An inquiry into the social and ethical implications of platform design and its impact on users’ direct messaging habits.

My work examines what’s happening behind the public feed of social media platforms and apps, looking at the private operations of direct messaging inboxes and the algorithms directing those communications. This is a cross-platform study on Facebook Messenger, Instagram, Whatsapp, Twitter and iMessage.

On focussing on how the algorithm manifests itself through the read receipt – i.e. the tick you receive to denote someone has read a message – we can observe parallels between how the Like button operates on the public feed and directs users to stay on the platform. The read receipt works as a cue for the user to respond to another message, perpetuating their communications for however long it takes for a conversation to flow. On both sides of the process, it’s a measure of how valuable their relationship to the other person is, based on how quickly a message is read, and then responded to. Corresponding to the Big Data theory of the three Vs, on the platform’s side the read receipt is interpreted as data to denote Velocity of communication and encode the value of the user’s relationship with the other person they’re talking to (Mayer-Schöenberger and Cukier 2013). Such information is very valuable creating tailored data profiles as part of the dominant companies advertising strategies. In terms of social behaviour, does the read receipt encourage people to form certain habits to maintain their relationships with friends and loved ones? I’m interested in ascertaining to what extent users’ behaviour is being modified through platform design and datafied for profit (Lanier 2018).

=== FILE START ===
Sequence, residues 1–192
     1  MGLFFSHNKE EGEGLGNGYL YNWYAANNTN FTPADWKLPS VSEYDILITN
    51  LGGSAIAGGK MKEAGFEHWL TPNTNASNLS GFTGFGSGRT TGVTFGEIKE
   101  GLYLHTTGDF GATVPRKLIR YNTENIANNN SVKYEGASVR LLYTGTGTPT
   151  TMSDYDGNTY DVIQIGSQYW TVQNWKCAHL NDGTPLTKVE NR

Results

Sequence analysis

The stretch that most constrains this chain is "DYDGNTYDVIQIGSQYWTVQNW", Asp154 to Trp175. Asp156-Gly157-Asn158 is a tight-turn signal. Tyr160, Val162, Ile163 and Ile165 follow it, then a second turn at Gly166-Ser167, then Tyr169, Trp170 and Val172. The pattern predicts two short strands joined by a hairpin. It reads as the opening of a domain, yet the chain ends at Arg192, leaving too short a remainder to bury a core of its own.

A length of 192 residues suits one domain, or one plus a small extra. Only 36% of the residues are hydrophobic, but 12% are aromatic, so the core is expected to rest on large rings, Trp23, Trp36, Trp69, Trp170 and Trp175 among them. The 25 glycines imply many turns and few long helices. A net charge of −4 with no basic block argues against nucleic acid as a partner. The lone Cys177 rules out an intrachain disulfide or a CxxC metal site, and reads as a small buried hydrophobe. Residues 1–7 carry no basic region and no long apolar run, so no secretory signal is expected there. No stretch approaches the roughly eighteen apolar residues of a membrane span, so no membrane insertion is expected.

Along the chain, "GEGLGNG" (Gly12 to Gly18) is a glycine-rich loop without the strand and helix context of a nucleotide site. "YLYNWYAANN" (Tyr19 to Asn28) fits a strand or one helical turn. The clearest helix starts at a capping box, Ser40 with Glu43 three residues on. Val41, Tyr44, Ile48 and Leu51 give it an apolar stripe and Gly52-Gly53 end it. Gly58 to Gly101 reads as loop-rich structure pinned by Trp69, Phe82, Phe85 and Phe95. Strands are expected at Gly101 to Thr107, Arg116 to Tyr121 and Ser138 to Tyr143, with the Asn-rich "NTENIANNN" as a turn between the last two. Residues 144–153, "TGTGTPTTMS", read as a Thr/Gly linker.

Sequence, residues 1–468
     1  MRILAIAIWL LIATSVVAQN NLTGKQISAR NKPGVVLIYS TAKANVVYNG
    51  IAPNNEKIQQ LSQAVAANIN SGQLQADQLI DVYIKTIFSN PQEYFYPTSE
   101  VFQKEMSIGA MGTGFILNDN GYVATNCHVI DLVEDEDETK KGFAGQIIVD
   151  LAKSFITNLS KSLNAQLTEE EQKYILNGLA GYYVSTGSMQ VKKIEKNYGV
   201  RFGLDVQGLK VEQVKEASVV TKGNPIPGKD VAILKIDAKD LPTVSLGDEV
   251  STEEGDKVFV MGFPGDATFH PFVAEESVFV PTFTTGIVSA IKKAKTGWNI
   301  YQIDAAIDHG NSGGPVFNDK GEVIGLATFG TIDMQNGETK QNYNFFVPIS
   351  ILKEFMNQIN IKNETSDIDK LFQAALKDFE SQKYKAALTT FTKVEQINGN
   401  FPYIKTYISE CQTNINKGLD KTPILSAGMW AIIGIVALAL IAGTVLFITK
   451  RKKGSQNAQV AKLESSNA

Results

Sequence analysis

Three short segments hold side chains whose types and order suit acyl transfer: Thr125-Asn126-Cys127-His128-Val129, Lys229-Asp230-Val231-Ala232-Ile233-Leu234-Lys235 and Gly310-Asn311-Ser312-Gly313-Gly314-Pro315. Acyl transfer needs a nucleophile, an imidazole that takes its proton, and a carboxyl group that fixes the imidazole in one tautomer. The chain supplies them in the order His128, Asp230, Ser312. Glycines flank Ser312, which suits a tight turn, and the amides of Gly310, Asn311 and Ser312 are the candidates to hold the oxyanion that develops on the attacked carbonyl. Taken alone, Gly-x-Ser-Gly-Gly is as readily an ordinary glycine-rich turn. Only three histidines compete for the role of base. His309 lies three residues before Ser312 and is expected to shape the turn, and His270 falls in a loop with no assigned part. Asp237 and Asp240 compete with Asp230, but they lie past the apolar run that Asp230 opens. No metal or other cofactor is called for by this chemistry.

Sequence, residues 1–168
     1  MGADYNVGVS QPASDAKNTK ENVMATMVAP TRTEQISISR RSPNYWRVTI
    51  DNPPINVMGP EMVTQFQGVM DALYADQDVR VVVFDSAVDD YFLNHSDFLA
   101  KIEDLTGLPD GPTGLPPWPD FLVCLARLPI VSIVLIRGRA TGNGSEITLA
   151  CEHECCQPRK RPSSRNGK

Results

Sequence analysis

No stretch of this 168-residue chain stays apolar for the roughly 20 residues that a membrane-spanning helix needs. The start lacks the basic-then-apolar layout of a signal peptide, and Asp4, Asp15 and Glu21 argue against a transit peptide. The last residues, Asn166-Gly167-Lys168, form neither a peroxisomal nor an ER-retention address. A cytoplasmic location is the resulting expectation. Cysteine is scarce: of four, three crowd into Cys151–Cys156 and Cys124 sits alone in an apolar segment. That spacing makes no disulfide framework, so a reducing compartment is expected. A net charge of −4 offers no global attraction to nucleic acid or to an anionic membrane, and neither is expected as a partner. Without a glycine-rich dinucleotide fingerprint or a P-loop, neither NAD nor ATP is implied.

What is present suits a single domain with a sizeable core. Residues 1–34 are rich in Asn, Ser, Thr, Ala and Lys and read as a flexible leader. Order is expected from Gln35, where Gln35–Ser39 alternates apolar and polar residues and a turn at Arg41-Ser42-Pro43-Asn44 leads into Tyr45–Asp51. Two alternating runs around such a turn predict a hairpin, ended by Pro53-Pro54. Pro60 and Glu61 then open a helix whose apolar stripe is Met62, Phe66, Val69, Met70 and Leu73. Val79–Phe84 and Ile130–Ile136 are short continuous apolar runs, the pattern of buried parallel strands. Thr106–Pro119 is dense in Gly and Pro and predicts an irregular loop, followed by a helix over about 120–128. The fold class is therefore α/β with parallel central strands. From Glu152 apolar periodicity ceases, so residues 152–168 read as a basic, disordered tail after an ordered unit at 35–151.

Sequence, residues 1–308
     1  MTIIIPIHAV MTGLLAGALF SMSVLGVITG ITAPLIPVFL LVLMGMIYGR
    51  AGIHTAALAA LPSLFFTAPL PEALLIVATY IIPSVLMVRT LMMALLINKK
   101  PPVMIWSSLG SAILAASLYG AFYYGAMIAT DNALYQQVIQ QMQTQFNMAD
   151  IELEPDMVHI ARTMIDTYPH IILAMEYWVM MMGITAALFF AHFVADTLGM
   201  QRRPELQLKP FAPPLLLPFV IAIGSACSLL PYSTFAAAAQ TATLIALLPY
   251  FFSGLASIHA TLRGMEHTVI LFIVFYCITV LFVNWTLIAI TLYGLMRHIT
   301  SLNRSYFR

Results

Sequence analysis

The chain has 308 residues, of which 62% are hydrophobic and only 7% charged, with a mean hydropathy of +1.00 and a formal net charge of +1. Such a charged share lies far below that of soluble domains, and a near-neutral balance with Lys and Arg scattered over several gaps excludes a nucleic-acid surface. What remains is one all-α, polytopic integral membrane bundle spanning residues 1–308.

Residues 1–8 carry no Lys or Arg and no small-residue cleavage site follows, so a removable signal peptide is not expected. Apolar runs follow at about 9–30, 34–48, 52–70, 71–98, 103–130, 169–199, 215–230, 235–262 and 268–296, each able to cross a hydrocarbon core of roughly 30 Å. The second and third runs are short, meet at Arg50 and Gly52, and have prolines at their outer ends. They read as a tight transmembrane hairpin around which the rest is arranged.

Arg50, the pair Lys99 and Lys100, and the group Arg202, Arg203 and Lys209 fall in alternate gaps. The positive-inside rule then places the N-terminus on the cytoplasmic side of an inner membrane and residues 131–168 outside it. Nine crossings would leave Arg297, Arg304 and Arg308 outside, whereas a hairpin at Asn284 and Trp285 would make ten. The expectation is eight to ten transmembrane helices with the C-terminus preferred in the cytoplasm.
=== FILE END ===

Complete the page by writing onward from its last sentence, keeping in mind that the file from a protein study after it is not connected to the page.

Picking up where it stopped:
My thesis sets out to establish that the design of these popular communication platforms are infinitely complex and ‘addictive’, refuting accusations of technological determinism due to the psychological persuasion techniques the platforms have actually been built with. Such techniques are based on B.F Skinner’s operant conditioning experiments in the 1930s (Skinner 1953; Wu 2016), a process defined as ‘mainly of using reinforcement or punishment to promote certain behaviour’ (Fogg 2003). One of the core areas of my study is interested in examining how the teachings of behavioural psychologist B.J Fogg at Stanford University and his captology course at the Persuasive Technology Lab were built upon Skinner’s theories. Then looking at the extent to which behavioural techniques have been baked into the algorithms triggered by small mechanisms like the read receipt. It is no coincidence that former students of Fogg include Instagram co-founders Kevin Systrom and Mike Krieger as well as Facebook’s head of growth Ed Baker (Stolzoff 2018).